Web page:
We’re having an online two-hour Easter parent-child workshop, where you and your child can program a bunny to go on an Easter Egg Hunt together for just $10. Decorate Easter eggs and hold your child’s hands as you kickstart their coding journey!
Begin your online learning with Coding Lab! Not sure if it’s for your child? Our two-hour $10 trials (U.P. $55) will let them have a shot at programming simple games and animations with Scratch or pick up Python, one of the most popular programming languages. Feel free to contact our HBL concierge team that is always on-hand to help with any queries – we strive to make the transition to online learning as seamless as possible, especially in this digital era.
With news that we have to suspend our physical classes, our usual weekly classes for the age groups of 7-9, 10-12 and 13-18 will still continue from home. We aim to make this transition as seamless as possible for you and your children, so here are 5 Tips from the Coding Lab team on how our HBL coding classes can be maximised:
It’s simple to sign up for a HBL class with us. If in doubt, give us a call and we’ll be more than happy to assist you. We’ll even send an E-Learning package your way – and a complimentary introduction to ease the transition to online, home-based learning. After all, it’s our goal to nurture future leaders of technology!
Let’s meet the fresh new team powering the second year of Tiny Thinkers.
Chairperson: Candice Wang
“It’s heartening to see the number of hours put in by the core team and their amazing passion and enthusiasm, which rubs off on all of our volunteers.”
As a mother of two and Director of Coding Lab, Candice understands parents and oversees the operations and community engagement sectors. She admits that it is no easy feat to be a part of Tiny Thinkers for the second year running, organising activities and packing kits. But with a new team, she says, “It’s exciting to have many interested young talents who bring their unique interests, personalities and know-how to make things happen. It’s heartening to see the number of hours put in by the core team and their amazing passion and enthusiasm, which rubs off on all of our volunteers.”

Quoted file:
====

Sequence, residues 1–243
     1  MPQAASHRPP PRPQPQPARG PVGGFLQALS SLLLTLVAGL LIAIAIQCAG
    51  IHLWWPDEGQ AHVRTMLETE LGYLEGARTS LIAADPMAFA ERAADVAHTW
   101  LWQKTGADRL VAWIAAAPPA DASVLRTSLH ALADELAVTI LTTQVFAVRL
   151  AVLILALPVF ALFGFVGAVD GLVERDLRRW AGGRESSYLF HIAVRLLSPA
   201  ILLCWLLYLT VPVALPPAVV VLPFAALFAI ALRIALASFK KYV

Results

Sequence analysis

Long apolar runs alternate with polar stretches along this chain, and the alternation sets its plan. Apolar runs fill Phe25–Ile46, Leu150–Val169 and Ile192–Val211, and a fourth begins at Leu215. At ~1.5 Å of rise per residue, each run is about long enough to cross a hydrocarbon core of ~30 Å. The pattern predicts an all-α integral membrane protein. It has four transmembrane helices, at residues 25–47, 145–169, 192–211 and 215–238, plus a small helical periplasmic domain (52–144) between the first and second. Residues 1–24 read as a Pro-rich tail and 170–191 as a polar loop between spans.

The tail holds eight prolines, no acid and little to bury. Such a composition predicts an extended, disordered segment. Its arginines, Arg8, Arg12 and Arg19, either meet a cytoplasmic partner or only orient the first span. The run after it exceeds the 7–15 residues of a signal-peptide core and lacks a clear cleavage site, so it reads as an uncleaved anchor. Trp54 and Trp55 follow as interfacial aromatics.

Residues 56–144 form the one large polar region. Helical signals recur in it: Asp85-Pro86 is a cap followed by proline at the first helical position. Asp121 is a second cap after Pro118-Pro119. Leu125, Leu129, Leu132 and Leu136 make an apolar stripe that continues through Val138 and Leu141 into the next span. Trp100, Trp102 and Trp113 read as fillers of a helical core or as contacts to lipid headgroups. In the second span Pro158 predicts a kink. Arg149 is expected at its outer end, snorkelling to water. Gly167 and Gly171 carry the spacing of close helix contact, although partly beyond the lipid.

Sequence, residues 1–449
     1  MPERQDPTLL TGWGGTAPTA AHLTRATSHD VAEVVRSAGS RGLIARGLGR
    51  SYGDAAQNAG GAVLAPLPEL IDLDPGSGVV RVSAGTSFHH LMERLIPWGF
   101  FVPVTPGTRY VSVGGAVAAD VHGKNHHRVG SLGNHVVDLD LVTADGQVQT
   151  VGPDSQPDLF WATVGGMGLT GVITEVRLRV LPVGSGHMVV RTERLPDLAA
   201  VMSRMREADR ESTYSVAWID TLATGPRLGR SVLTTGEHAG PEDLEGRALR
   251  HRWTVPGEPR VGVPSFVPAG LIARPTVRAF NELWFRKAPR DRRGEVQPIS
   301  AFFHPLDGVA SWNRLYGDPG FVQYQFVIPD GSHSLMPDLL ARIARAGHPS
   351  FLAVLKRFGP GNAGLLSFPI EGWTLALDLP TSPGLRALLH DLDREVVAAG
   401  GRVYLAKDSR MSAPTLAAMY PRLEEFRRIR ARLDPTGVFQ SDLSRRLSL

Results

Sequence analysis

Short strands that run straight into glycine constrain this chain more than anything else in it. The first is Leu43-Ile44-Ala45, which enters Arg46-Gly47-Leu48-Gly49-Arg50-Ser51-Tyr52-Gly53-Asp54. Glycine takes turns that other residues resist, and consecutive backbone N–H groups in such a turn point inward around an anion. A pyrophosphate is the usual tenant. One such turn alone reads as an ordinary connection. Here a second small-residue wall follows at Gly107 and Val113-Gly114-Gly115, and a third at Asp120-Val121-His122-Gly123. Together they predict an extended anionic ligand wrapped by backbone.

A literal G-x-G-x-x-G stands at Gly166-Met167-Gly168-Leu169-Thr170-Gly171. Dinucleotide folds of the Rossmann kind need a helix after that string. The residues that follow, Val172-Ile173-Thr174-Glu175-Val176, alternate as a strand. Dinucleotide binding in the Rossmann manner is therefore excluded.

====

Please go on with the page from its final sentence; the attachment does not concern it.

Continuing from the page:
With 2020 ahead, she is excited that Tiny Thinkers will be able to impact more than 7,000 young lives across many preschools and libraries in Singapore with the Junior Computational Thinking (CT) kit, which covers all 4 pillars of CT (Abstraction, Algorithm, Decomposition and Pattern Recognition). “This kit has been heavily oversubscribed and we still have a long waitlist of preschools asking for it,” she said. “Our volunteers are working hard to pack kits so it can promptly reach preschools and libraries across Singapore. We are very proud of this kit, developed in conjunction with our partners (IMDA, Skool4kids and Nexus), which infuses Total Defense values into CT and most importantly, encourages parent-child bonding.”
President: Thinzar Htet
“While it is tiring, I enjoy interacting with children during events and workshops which reminds me of why I became a part of Tiny Thinkers in the first place.”
The former intern at Coding Lab initially helped out with Tiny Thinkers activities and was inspired to keep the flame burning after her internship ended. Thinzar recalls her experiences during Tiny Thinkers workshops, where she shared the joy of coding with parents and witnessed children enjoying themselves. “When parents hear the aim of Tiny Thinkers, they inquire and remark that it is an interesting and great thing that we are doing. These instances make me feel proud of what I have done and want to continue, despite the difficulties.”